Release on 2011-06-24 | by Institute of Medicine,Board on the Health of Select Populations,Committee on Lesbian, Gay, Bisexual, and Transgender Health Issues and Research Gaps and Opportunities
Building a Foundation for Better Understanding
Author: Institute of Medicine,Board on the Health of Select Populations,Committee on Lesbian, Gay, Bisexual, and Transgender Health Issues and Research Gaps and Opportunities
Pubpsher: National Academies Press
At a time when lesbian, gay, bisexual, and transgender individuals--often referred to under the umbrella acronym LGBT--are becoming more visible in society and more socially acknowledged, clinicians and researchers are faced with incomplete information about their health status. While LGBT populations often are combined as a single entity for research and advocacy purposes, each is a distinct population group with its own specific health needs. Furthermore, the experiences of LGBT individuals are not uniform and are shaped by factors of race, ethnicity, socioeconomic status, geographical location, and age, any of which can have an effect on health-related concerns and needs. The Health of Lesbian, Gay, Bisexual, and Transgender People assesses the state of science on the health status of LGBT populations, identifies research gaps and opportunities, and outlines a research agenda for the National Institute of Health. The report examines the health status of these populations in three life stages: childhood and adolescence, early/middle adulthood, and later adulthood. At each life stage, the committee studied mental health, physical health, risks and protective factors, health services, and contextual influences. To advance understanding of the health needs of all LGBT individuals, the report finds that researchers need more data about the demographics of these populations, improved methods for collecting and analyzing data, and an increased participation of sexual and gender minorities in research. The Health of Lesbian, Gay, Bisexual, and Transgender People is a valuable resource for policymakers, federal agencies including the National Institute of Health (NIH), LGBT advocacy groups, clinicians, and service providers.
Gay parenting is a topic on which almost everyone has an opinion but almost nobody has any facts. Here at last is a book based on a thorough review of the literature, as well as interviews with a pioneering group of men who in the 1980s chose to become fathers outside the boundaries of a heterosexual union—through foster care, adoption, and other kinship relationships. This book reveals how very natural and possible gay parenthood can be. What factors influence this decision? How do the experiences of gay dads compare to those of heterosexual men? How effectively do professional services such as support groups serve gay fathers and prospective gay fathers? What elements of the social climate are helpful—and hurtful? Gay Men Choosing Parenthood challenges a great deal of misinformation, showing how gay fathers from different backgrounds adapted, perceived, and constructed their options and their families.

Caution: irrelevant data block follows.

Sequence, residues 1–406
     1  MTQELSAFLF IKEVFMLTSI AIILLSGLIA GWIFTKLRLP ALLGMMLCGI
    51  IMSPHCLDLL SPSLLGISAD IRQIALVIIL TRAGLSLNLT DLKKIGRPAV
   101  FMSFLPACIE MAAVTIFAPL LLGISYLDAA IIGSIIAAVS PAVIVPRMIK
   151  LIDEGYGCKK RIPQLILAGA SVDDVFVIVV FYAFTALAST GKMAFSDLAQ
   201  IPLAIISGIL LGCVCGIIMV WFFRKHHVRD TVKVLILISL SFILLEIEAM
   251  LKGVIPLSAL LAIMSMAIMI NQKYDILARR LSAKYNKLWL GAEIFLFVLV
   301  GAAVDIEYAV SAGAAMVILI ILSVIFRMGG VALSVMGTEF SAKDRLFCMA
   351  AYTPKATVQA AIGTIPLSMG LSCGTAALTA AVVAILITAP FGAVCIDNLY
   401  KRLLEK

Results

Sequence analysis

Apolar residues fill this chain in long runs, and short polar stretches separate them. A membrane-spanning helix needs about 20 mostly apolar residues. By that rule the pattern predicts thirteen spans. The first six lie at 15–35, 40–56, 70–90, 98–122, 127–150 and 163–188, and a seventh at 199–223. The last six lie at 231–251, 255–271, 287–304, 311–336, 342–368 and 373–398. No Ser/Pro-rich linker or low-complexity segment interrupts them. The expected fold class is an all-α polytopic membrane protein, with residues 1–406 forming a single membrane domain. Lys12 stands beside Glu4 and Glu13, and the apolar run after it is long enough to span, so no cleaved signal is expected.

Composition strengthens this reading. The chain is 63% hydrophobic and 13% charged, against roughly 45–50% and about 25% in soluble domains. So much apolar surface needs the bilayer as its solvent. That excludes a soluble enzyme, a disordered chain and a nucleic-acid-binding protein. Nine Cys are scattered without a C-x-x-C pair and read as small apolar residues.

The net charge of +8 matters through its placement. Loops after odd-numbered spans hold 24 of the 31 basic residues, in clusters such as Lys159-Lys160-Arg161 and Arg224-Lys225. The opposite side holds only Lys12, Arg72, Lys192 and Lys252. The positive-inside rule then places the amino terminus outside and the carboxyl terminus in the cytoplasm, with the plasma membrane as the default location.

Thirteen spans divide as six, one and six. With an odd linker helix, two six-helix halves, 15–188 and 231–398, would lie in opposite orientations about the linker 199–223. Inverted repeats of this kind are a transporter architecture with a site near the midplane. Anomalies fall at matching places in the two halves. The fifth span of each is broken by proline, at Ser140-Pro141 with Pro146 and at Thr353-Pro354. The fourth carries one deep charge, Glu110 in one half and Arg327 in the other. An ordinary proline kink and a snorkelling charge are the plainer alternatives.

Abigail Garner was five years old when her parents divorced and her dad came out as gay. Like the millions of children growing up in these families today, she often found herself in the middle of the political and moral debates surrounding lesbian, gay, bisexual, and transgender (LGBT) parenting. Drawing on a decade of community organizing, and interviews with more than fifty grown sons and daughters of LGBT parents, Garner addresses such topics as coming out to children, facing homophobia at school, co-parenting with ex-partners, the impact of AIDS, and the children's own sexuality. Both practical and deeply personal, Families Like Mine provides an invaluable insider's perspective for LGBT parents, their families, and their allies.